3 Ways to Help Students Considering College
By Ellen Utley
As your students begin to think about college, you’re likely to be one of the people they turn to for advice and support. Here are three important considerations for educators to remember when giving college guidance and helping students choose a school that’s right for them.
1. Be Mindful of Overvaluing a College's Brand
During the college search, students, parents, and administrators often prioritize the brand or rank of a college, especially when it comes to thinking about a student’s career. It’s assumed that having an elite institution on your résumé will take you further. In reality, there are other critical considerations in choosing a college that may have a greater impact on developing a strong résumé and finding that first job out of college.
Instead of starting a college search based on the overall rankings of different-tiered colleges, encourage students to begin by focusing on the rankings of individual academic departments, professors, career programs, or student opportunities in an area of interest. Help students keep in mind that there are many colleges that may not be ranked in the top tier but that may have, for instance, a high-ranking biology department that does cutting-edge research and has student opportunities that launch graduates into first-rate careers.
Discrepancies in student employment and life satisfaction between different-tier schools are not as vast as many think.
2. Emphasize Fit
Research shows that finding a school that’s a good fit on a personal, emotional, and social level has a direct positive impact on students’ success and experiences in college. And much of the academic failure and poor retention in U.S. colleges stems from students who are struggling with emotional and psychosocial challenges.
The first step to academic and personal success in college is choosing a school that’s a good fit. A college may be a good fit if it:
- Makes the student feel at home
- Is a comfortable place to explore
- Encourages the student to take enriching chances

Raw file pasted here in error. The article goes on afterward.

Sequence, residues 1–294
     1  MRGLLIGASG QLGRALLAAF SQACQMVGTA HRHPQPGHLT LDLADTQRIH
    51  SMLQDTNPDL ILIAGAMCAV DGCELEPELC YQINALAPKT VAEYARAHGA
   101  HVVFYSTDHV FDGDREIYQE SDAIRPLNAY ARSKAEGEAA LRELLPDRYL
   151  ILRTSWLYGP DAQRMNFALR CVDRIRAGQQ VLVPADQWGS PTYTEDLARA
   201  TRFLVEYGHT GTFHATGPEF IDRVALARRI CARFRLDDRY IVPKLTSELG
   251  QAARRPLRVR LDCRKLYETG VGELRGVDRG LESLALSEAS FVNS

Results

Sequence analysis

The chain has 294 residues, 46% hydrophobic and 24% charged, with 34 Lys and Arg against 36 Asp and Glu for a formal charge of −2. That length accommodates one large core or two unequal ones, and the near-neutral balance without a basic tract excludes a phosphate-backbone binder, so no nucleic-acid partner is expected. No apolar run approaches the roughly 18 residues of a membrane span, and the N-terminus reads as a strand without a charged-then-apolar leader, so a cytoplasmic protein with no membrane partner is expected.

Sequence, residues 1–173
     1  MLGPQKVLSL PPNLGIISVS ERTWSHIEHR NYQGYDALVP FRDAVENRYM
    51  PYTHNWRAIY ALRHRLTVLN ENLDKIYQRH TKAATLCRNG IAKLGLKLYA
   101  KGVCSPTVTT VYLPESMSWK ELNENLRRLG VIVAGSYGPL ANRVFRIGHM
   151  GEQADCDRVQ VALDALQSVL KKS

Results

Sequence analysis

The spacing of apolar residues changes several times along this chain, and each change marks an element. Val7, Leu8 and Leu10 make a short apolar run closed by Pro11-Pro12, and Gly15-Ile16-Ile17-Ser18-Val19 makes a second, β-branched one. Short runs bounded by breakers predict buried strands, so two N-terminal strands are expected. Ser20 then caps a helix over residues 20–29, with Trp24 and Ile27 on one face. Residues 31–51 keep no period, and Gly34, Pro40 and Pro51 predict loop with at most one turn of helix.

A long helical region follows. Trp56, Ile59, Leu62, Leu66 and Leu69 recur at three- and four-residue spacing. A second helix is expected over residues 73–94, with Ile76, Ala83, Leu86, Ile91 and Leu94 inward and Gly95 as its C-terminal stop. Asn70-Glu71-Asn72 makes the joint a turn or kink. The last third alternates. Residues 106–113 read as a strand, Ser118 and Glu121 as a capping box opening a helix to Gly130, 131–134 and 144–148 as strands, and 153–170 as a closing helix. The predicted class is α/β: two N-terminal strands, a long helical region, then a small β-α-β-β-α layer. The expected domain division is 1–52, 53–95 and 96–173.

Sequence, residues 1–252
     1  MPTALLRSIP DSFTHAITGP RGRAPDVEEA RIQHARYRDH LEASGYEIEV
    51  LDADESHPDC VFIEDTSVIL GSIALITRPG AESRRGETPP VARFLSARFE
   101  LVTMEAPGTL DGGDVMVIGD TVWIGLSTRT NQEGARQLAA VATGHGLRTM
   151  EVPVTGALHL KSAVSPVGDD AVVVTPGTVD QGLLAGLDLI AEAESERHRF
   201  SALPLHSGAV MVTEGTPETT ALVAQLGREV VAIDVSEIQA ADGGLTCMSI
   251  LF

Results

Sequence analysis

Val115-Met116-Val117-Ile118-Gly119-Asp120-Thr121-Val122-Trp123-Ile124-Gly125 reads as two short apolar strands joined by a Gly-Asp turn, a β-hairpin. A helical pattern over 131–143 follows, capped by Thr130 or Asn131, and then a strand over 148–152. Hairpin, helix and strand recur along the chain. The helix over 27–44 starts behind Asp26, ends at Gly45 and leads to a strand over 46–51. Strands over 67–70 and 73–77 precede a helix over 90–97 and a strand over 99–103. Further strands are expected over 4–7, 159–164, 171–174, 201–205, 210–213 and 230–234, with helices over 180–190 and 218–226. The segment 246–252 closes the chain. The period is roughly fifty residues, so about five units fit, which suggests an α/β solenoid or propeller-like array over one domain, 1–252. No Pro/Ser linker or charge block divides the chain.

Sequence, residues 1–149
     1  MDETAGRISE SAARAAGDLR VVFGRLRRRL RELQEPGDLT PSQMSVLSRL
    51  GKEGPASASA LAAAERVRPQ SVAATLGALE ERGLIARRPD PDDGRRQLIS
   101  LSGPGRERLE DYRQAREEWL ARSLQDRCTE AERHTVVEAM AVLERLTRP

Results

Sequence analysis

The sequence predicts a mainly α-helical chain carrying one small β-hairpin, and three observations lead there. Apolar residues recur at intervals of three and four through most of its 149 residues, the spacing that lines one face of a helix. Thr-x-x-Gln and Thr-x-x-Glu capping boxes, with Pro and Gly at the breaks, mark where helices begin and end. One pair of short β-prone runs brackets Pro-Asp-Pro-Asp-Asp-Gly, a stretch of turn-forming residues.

- Supports the student in their career aspirations
- Facilitates meaningful social connections
- Nurtures outside interests
- Helps the student mature into the person they wish to be
Often, the college search will be influenced by other factors such as family finances, location of a school, and social scene. In the end, the right school aligns with a student’s abilities and resources (ignore the rankings!), helps them build social connection and purpose, and fosters their dreams. And there are so many different educational institutions where students can find that mix.
3. Consider the Student’s Emotional and Personal Characteristics
Research also shows us that when a student feels supported and connected, they’re more likely to have a sense of well-being and enjoy academic success. Factors such as campus size, campus social scene, college setting, and distance from home have a direct impact on the level of student engagement and a sense of belonging while away at school. Here are some questions you can help your students to think through:
- Do you need or want to live at home while you’re in college?
- Do you want to be close to home so you can easily visit on the weekend?
- Do you want to put a plane ride between your school and your hometown, and is that in your—or your family’s—budget?
- Do you thrive in nature and wide-open spaces, or are you more excited by the buzz of a big city?
- Are there resources at the school for students of your particular background or identity?
- Are there clubs or activities that fit with your current interests or sound interesting to you?
When a student’s personal characteristics and preferences align with the college setting and culture, they’re more likely to find personal fulfillment and academic success. Hopefully, your school administration will help relay the importance of postsecondary education and finding the right fit.
Here are some resources you can share with your students to help them select a college that’s right for them: